Serafina is a mermaid, the heir to the throne of one of the 6 merfolk nations and ready to complete her coming of age ceremony and meet her new husband
Until all out war breaks out in the middle of it. With her life, her city and her nation in ruins, hunted by barely understood, relentless enemies, Serfina flees with her best friend relying on very dubious and worrisome allies.
In the end, they have one hope – chasing an answer that spoke to them in a dream, speaking of 6 mermaids who have to come together to fight the threat.
The world setting for this book is really rich and deep setting. We have a long, detailed history, an origin story and a wide, varied political landscape that creates a very large, rich and diverse feeling society. This world is one of those worlds where a lot of effort has gone into the full creation, making it very plausible and very internally consistent. There are also a lot of hints that all of this world is going to be called upon and be relevant in the story – including the history and the politics – and it’s not just exposition for exposition’s sake. I think it may be the best underwater world I’ve ever seen in the genre – from the magic setting to the different political entities, it’s very promising.
Of course, while all this history and politics is fascinating and rich and well designed and mostly pertinent to the story, it is a lot of information that is expositioned at us a lot. I didn’t find it boring, but a lot of it I found excessive and unnecessary – especially in the first part of the book; lots of info-dump, little reason for it.
The story remembers it’s underwater most of the time – but not all the time – we still get moments where merfolk pour drinks from teapots and the like underwater (which I can only imagine would be messy – really, if your creatures are aquatic you can skip the whole drinking thing) or sweat, or things pouring or falling which probably shouldn’t happen.
The main character, Serafina, also breaks a lot of moulds. She’s a princess and knows to act it and is very aware of her responsibilities – even though she’s 16 and often feels overwhelmed. It’s also interesting how she works with other women. When the book began, she had a rival at court that was an almost classic Mean Girl and I rolled my eyes because we’d seen this play out so many times – and even a princess and heir to the throne has to be the unpopular bullied one… but this elements of the story was quickly left behind (which made me think it was rather unnecessary to be honest) and we got to the meat.
And in the meat she’s one of 6 young women working together all with their own talents and skills. 6 young women who respect and like one another, regard each other as peers and work well as a team – yes there’s conflict between Serafina and another but it has a strong basis in the story and even then she tries to work through it. Is she special? Yes, but they all are – each in their own way. It’s even emphasised that she’s not the most powerful of them – in fact “most powerful” doesn’t even apply in any logical sense since each of them have powers and abilities and talents that are very different from each other. And if Serafina may, possibly, be the most specialist of them all, it’s a slim claim – and it pales next to the true strength of the 6 is how they work together. This is a really strong emphasis on them being much much stronger together than apart and that co-operation is the key to victor. Each mermaid also has a chance to shine, a moment when they are the hero, when they save the others – just as each mermaid is equally in need of the help and support of the others. This isn’t the story of one mermaid and her sidekicks, nor 6 women who are fighting and snarling and competing with each other.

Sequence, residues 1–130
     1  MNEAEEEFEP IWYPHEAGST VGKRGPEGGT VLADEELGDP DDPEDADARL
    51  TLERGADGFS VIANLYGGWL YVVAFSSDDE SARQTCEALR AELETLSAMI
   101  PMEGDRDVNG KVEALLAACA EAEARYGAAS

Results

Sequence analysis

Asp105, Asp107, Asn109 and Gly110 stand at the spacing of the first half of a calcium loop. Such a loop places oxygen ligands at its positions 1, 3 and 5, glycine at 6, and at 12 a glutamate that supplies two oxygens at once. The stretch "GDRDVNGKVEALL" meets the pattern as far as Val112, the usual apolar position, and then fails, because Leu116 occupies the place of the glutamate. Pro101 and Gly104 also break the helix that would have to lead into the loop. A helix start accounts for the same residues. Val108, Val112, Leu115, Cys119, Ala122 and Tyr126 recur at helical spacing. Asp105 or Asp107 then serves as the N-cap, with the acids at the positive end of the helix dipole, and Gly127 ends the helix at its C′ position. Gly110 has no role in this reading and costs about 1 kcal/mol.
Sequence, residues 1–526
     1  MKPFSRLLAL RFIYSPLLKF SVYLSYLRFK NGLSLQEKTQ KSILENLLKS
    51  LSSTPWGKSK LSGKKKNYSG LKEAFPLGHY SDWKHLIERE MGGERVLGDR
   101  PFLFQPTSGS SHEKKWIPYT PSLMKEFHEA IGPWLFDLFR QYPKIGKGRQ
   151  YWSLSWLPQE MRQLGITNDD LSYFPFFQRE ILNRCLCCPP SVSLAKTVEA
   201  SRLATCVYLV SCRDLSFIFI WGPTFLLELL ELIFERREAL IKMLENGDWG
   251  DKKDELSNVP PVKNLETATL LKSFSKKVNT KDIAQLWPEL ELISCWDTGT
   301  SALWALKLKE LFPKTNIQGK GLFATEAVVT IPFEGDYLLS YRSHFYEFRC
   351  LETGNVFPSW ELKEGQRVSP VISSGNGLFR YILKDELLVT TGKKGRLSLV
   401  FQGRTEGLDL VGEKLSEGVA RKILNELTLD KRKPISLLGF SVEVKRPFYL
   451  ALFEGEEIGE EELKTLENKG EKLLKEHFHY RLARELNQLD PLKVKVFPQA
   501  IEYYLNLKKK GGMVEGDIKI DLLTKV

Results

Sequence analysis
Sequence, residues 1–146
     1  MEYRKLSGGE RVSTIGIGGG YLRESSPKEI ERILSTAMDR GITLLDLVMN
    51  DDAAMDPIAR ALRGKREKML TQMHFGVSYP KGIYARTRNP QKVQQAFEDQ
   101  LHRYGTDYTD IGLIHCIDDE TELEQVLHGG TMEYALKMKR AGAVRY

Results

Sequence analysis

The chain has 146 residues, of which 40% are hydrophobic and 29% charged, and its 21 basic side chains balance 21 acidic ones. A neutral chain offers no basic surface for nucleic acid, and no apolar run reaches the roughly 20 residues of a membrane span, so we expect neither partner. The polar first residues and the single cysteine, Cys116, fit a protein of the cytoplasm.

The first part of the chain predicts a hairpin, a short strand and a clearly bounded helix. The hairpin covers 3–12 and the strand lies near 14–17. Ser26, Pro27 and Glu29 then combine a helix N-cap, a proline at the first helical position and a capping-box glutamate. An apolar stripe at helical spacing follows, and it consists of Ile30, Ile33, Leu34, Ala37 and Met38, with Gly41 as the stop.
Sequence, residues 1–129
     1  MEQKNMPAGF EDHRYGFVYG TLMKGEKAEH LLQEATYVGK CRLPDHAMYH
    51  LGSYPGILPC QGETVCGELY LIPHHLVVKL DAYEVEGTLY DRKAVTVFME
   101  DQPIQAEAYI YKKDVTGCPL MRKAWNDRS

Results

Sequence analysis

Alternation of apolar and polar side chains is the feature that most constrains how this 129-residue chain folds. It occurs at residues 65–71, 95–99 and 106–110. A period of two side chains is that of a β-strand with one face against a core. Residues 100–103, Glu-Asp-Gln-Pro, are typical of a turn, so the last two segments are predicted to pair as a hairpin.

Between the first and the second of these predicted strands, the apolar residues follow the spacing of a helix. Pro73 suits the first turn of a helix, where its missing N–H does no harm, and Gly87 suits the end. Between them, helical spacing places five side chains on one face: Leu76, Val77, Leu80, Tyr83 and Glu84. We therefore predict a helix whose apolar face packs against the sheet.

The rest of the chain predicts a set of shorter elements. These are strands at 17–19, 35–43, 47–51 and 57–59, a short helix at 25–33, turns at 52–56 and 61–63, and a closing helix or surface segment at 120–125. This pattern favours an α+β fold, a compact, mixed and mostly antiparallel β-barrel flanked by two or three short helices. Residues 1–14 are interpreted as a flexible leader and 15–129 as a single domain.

If anything, the lack of conflict between them is poorly done because these 6 women meet, understand and bond almost ridiculously quickly. They go from complete strangers to knowing each other incredibly well astonishingly quickly with little development or depth.
Each of these 6 has a recognisably different personality as well – they’re all individuals; but it has to be said that, except for Serfina, Neela and Ling, there isn’t a lot of development there. They’re introduced far too late and too little time is spent on them. This lack of development because of all the info-dumping and excessive description is a real problem in the book.
A number of the other characters are women as well – most of the main actors are female. Serafina has a fraught relationship with her mother- but she’s a matriarchal queen with high expectations. There’s an older, wiser but very powerful woman who gives sage advice – that is listened to. And the male love interest (whose mysterious story, it has to be said, seems painfully predictable) is an afterthought or side reference – definitely banished from their priority list with her home under threat.